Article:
“But the one who endures to the end will be saved. When they persecute you in one town, flee to the next, for truly, I say to you, you will not have gone through all the towns of Israel before the Son of Man comes.
(Matthew 10:22b-23 ESV)
Jesus continues His warning about persecution today. Over the past few days we have studied this passage from Jesus which is mostly prophetic. Just a short time after giving these warnings to His apostles Jesus would be crucified and would ascend into heaven. It was beginning at this point and continuing on through the present that this persecution of His followers would occur. It will not cease until Jesus returns sometime in the future.
In today’s passage Jesus tells us that the one who endures to the end will be saved. Jesus is not saying that enduring persecution results in salvation because it is the fact that we are saved and follow Jesus that brought the persecution in the first place. We also know that salvation can in no way be earned – it is a free gift from God [Ephesians 2:8-9].
We do not earn salvation by endurance but rather we prove it. Only those who are absolutely sure of their salvation will withstand ridicule, bullying, physical torture, or even death because they know, beyond a shadow of a doubt, that they cannot be separated from Christ. Any pain that someone brings upon a believer – be it mental pain or physical – is only temporary. Those who are against Christ can only kill the body. They cannot kill the soul.
A true believer also knows that suffering persecution is a witness to the persecutor of the reality of Jesus. We stand up under harsh treatment without taking revenge as a demonstration that we are fully confident in Jesus.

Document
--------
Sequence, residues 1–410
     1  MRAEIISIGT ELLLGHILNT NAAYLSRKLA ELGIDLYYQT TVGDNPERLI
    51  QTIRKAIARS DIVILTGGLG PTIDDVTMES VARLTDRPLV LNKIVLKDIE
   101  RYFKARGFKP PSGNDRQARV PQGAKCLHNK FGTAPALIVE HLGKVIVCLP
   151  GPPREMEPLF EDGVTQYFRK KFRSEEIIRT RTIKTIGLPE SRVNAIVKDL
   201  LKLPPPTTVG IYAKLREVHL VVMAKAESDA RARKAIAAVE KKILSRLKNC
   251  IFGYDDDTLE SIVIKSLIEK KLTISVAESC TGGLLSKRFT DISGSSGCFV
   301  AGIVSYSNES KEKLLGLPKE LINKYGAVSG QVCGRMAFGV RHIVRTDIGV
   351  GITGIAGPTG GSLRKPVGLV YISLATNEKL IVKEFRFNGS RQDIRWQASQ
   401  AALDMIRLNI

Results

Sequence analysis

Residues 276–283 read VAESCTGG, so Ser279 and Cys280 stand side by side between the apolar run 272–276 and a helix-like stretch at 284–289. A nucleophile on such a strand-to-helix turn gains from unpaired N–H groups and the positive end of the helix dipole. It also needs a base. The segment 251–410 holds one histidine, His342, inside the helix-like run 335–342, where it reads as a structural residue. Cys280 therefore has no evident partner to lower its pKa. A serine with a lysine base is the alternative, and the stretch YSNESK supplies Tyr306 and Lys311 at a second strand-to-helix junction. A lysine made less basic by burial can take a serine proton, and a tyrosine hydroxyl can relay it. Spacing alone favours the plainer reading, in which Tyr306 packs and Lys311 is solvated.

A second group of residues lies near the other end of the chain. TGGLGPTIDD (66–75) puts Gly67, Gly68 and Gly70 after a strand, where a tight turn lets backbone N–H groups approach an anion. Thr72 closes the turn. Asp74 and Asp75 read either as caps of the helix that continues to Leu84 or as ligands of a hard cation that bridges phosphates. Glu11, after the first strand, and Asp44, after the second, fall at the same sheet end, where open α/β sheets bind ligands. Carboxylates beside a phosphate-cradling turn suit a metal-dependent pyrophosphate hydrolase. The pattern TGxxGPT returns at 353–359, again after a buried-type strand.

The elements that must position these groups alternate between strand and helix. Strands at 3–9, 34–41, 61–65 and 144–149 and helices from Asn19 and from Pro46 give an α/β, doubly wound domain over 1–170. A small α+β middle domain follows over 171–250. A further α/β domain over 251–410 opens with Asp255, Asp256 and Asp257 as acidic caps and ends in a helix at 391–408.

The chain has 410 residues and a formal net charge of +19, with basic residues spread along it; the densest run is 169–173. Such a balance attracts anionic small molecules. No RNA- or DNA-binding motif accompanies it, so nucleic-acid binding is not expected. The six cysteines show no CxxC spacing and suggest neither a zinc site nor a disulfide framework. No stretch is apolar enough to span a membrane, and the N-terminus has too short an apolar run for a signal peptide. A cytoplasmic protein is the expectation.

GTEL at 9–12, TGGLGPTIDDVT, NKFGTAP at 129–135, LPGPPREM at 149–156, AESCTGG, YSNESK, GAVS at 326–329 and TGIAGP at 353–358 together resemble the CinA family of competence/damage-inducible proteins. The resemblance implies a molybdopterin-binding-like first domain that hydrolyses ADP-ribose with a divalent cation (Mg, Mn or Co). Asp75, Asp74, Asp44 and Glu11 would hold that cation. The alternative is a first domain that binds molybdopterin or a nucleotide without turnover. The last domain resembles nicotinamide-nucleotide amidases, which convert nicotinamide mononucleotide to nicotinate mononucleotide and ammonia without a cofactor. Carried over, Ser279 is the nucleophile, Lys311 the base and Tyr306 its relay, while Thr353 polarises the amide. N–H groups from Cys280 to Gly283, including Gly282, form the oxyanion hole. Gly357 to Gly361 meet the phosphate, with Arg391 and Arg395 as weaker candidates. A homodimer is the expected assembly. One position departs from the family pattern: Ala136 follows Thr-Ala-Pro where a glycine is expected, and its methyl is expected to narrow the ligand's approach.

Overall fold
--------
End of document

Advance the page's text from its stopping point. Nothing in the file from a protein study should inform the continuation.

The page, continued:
Having said all that, Jesus does not condone seeking martyrdom. If we are persecuted in one town we should flee to the next, if we can. While sometimes we can’t flee, like our brothers and sisters in Iraq and Syria who are being killed by ISIS, we should if we can. God never calls on us to put up with harsh treatment if we can avoid it, even if we have to run away from it.
This is exactly what Paul did. He endured ridicule, beatings, imprisonment in many of the places to which he brought the gospel. But when things got so bad that he could no longer be effective he moved on to another place [Acts 12-14, 17].
Jesus’ comment about the apostles not going through all the towns of Israel before the Son of Man comes is difficult. Scholars who are much more learned than I debate what Jesus is actually saying here, so I won’t draw any conclusions of my own. The most likely reference seems to be to the judgment God brought upon Jerusalem less than 40 years after Jesus spoke these words.
As there was tremendous persecution of Christians at this time by both the Jews and Romans the apostles would have had to flee from one town to another quite often. Before they could get to all the towns in Israel, Jesus would have “come” with judgment on Jerusalem in the form of the Roman army which He did in 70 AD.
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